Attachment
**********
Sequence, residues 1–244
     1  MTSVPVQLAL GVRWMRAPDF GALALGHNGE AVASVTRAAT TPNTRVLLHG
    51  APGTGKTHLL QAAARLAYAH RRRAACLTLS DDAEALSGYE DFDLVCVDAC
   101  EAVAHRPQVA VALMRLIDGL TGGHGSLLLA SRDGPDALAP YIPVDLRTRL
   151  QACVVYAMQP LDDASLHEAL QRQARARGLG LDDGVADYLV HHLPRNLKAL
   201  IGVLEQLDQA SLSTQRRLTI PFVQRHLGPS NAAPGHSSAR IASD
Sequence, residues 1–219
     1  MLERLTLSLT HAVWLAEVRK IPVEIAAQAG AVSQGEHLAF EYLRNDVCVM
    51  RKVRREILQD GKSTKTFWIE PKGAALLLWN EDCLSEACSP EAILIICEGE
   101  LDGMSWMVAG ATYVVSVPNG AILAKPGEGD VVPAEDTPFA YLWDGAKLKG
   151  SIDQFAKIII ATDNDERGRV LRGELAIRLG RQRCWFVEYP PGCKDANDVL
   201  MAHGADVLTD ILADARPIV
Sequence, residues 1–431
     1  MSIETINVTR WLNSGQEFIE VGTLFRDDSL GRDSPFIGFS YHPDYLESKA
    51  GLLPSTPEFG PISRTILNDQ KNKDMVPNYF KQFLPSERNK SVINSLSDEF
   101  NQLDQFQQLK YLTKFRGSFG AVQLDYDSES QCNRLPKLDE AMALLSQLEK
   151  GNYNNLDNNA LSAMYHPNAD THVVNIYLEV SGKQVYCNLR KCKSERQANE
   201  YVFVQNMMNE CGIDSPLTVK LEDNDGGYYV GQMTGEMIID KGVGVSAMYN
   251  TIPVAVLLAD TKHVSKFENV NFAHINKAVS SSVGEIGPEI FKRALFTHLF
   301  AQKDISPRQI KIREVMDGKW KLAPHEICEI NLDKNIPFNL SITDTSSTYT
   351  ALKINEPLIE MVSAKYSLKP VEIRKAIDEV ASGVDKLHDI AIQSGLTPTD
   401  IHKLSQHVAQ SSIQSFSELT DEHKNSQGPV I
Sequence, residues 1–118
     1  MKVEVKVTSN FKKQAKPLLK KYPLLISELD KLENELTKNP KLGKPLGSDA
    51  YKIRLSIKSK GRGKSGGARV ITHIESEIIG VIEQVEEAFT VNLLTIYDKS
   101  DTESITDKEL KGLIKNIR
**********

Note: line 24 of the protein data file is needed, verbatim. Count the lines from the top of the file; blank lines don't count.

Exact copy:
     1  MKVEVKVTSN FKKQAKPLLK KYPLLISELD KLENELTKNP KLGKPLGSDA